'I was lucky enough to work with Jim in 2010 on my own CD called Buddy,' explains MacDonald. 'I guess we've maintained contact. Jim hasn't really left Japan in about five years, he's really busy there. But I asked if he'd be interested in devising a new piece for the orchestra. So we chatted about this over emails and he's heard the orchestra's CDs and we discussed various possibilities. We had the first rehearsal of Jim's piece just two days ago. He sent through upwards of 70 individual instructions about how to listen and play and structure an improvised piece. Some of them are quite tongue in cheek. There's quite a lot of humour in the way Jim's structured this piece – play like the person next to you, listen to the quietest instruments. He's also writing the structures up on big cards. If things are going according to schedule, he should be posting those cards to us as I speak!'
The festival also boasts visionary free jazz from pianist Alex Von Schlippenbach's trio with Parker and drummer Paul Lovens. All three were members of the original European improvisers orchestra, The Globe Unity Orchestra, making their presence at the festival all the more apt.
'They've got a reputation as being the free jazz group that's stayed together the longest. I think it's over 40 years now of working and developing together. They're one of the original free jazz supergroups. So to get the chance to have them at the festival is a real boon,' says MacDonald.
'They'll play a pivotal role in the festival. We're hoping they'll also collaborate with GIO as well, because the evening they're playing, the Friday, we've set aside some time for what we call ad hoc improvisations, where anyone who's at the festival will create spontaneous small groups and we'll programme those on the day. But we leave the exact composition of those groups open to allow the unexpected to happen. It could be that a conversation in the bar as two musicians are going for a coffee sparks off an idea and then we're able to incorporate that idea into the festival'.
MacDonald has his own idea for an ad hoc supergroup: 'If you look at the list of musicians that are playing you'll notice that there's four Georges: George Lewis, George Murray, George Burt, George Lyle,' he chuckles. 'I'd love to see those four Georges play together and not just for superficial reasons. They're fantastic players and I think they would sound fantastic together'.
Does MacDonald think attitudes towards improvisation in Scotland have changed in the past 10 years?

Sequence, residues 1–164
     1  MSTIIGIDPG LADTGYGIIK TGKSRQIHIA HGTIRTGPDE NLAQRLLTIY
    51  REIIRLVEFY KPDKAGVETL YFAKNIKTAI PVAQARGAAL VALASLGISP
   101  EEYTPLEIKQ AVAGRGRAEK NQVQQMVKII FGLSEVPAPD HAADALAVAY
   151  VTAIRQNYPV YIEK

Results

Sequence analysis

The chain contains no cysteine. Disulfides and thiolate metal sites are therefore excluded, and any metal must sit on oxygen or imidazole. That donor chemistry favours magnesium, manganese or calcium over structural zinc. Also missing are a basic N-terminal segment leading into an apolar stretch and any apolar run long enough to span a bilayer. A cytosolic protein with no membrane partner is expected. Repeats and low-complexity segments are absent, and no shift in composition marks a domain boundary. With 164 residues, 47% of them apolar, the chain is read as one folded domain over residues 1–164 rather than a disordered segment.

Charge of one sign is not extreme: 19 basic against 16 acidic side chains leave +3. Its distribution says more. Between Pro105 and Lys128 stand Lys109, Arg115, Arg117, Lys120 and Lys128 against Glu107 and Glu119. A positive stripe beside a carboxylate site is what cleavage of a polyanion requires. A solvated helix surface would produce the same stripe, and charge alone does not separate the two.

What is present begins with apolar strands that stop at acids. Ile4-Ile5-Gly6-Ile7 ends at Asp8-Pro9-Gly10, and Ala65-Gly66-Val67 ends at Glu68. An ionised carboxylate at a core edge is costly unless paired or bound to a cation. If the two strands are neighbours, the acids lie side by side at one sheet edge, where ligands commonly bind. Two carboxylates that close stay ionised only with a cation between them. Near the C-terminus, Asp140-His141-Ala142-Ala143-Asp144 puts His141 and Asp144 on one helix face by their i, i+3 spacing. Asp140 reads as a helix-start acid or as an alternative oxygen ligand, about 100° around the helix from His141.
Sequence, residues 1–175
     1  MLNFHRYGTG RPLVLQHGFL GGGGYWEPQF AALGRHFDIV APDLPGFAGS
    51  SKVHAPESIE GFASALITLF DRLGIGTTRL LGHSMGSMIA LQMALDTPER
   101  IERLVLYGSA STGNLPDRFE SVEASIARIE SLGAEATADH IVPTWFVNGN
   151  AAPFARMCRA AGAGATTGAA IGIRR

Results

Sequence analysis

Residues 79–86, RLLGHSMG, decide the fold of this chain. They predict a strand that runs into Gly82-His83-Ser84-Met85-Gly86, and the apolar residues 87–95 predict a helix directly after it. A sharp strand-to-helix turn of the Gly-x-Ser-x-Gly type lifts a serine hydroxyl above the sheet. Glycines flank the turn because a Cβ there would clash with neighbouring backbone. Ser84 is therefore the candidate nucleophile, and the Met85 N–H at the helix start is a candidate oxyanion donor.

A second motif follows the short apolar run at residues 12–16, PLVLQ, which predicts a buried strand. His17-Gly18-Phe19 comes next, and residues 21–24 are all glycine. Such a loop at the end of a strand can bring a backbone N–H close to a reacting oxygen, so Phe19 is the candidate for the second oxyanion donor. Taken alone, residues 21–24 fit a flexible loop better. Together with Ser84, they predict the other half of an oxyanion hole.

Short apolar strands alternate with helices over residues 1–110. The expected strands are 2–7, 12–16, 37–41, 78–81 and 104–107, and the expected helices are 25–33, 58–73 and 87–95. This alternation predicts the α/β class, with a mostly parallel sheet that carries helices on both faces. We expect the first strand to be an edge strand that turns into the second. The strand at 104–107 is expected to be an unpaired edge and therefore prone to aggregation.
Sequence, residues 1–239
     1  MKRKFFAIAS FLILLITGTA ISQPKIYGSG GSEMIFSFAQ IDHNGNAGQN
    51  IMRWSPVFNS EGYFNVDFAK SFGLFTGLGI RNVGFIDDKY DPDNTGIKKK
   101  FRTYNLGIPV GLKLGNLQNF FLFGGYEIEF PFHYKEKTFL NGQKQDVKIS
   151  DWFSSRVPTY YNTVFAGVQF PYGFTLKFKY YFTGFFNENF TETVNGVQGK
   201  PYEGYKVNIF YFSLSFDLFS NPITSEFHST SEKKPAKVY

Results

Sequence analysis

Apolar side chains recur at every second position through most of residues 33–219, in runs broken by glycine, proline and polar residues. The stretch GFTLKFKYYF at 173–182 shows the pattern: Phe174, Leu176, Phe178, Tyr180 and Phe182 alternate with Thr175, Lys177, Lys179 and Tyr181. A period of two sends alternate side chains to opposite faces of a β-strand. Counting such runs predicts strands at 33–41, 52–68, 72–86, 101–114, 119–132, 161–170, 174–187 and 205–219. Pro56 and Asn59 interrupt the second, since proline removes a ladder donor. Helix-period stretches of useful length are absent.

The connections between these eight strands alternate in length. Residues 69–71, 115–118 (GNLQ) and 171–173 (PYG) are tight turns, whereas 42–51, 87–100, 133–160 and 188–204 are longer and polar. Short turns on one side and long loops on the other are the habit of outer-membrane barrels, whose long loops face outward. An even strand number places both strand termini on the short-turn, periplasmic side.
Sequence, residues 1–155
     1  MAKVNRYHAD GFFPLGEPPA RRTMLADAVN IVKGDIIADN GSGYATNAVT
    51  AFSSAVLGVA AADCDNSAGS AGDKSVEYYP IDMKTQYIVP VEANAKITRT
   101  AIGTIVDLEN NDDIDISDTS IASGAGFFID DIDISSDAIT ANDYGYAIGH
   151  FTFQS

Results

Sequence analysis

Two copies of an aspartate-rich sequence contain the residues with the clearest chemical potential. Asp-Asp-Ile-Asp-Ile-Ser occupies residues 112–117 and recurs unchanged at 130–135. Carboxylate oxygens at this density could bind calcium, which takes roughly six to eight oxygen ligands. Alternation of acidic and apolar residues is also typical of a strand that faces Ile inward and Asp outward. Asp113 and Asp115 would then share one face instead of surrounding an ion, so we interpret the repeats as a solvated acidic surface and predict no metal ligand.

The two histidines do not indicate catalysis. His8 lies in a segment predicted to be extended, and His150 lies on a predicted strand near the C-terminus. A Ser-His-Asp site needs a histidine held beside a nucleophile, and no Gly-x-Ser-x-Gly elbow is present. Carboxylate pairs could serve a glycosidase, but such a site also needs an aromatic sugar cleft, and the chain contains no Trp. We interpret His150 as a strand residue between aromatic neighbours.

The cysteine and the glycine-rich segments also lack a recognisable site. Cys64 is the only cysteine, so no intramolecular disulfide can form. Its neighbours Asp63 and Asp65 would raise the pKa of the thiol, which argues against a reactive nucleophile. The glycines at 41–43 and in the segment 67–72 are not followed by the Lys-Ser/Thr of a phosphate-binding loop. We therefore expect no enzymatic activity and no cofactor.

'It's incredible. When I first started this ten years ago and was trying to explain to people what we were doing it did feel sometimes like I was trying to justify some kind of anti-social activity. We got some very strange looks and quizzical responses to what we were trying to do. But now it seems that improvisation has become much more accepted. There's an improvising ensemble at Strathclyde University, there's an improvising ensemble at the Royal Conservatoire of Music, the department here at Edinburgh University has improvisation too. So I think over the past 10-15 years improvisation has become a really important musical process, a social process, an artistic process, a place where people can collaborate and develop new ideas, exchange new ideas. Improvisation can work as a way of fostering collaboration between musicians, not just from different cultures, different backgrounds, but across art forms as well. So you can have an artist, a film maker and a musician all coming together using improvisation as a social/creative process. It feels less like as improvising musicians that we're consigned to the margins. Don't get me wrong, GIO aren't going to be playing at Hampden Park supporting U2, but I do think there has been a real recognition of the power and potential of improvisation. To me it feels like an artistic process whose time has come.
And for those who are unsure about coming to GIO Fest, what would MacDonald say to perhaps change their minds?
'Seeing the drama of free improvisation unfold, being in the room and watching the way musicians interact, particularly when it's a large ensemble, I think it's quite accessible and really quite thrilling. Also, Evan Parker is now widely regarded as the most important post-Coltrane saxophonist on the planet so any chance you get to see him, his charismatic playing and the way in which he draws an audience in, is not to be missed. George Lewis and Maggie Nicols are hugely entertaining as well as world leading and pioneering musicians. Whenever Maggie plays there are a lot of laughs, a lot of passion. She has this fantastic ability to touch people and be humorous and also very profound at the same time. There's a real sense of passion and joy around the orchestra. I think people who are unsure about what improvisation is will find something in the festival to engage with'.
GIO Fest V, CCA, Glasgow Thu 29 Nov–Sat 1 Dec, see cca-glasgow.com for ticket and booking information.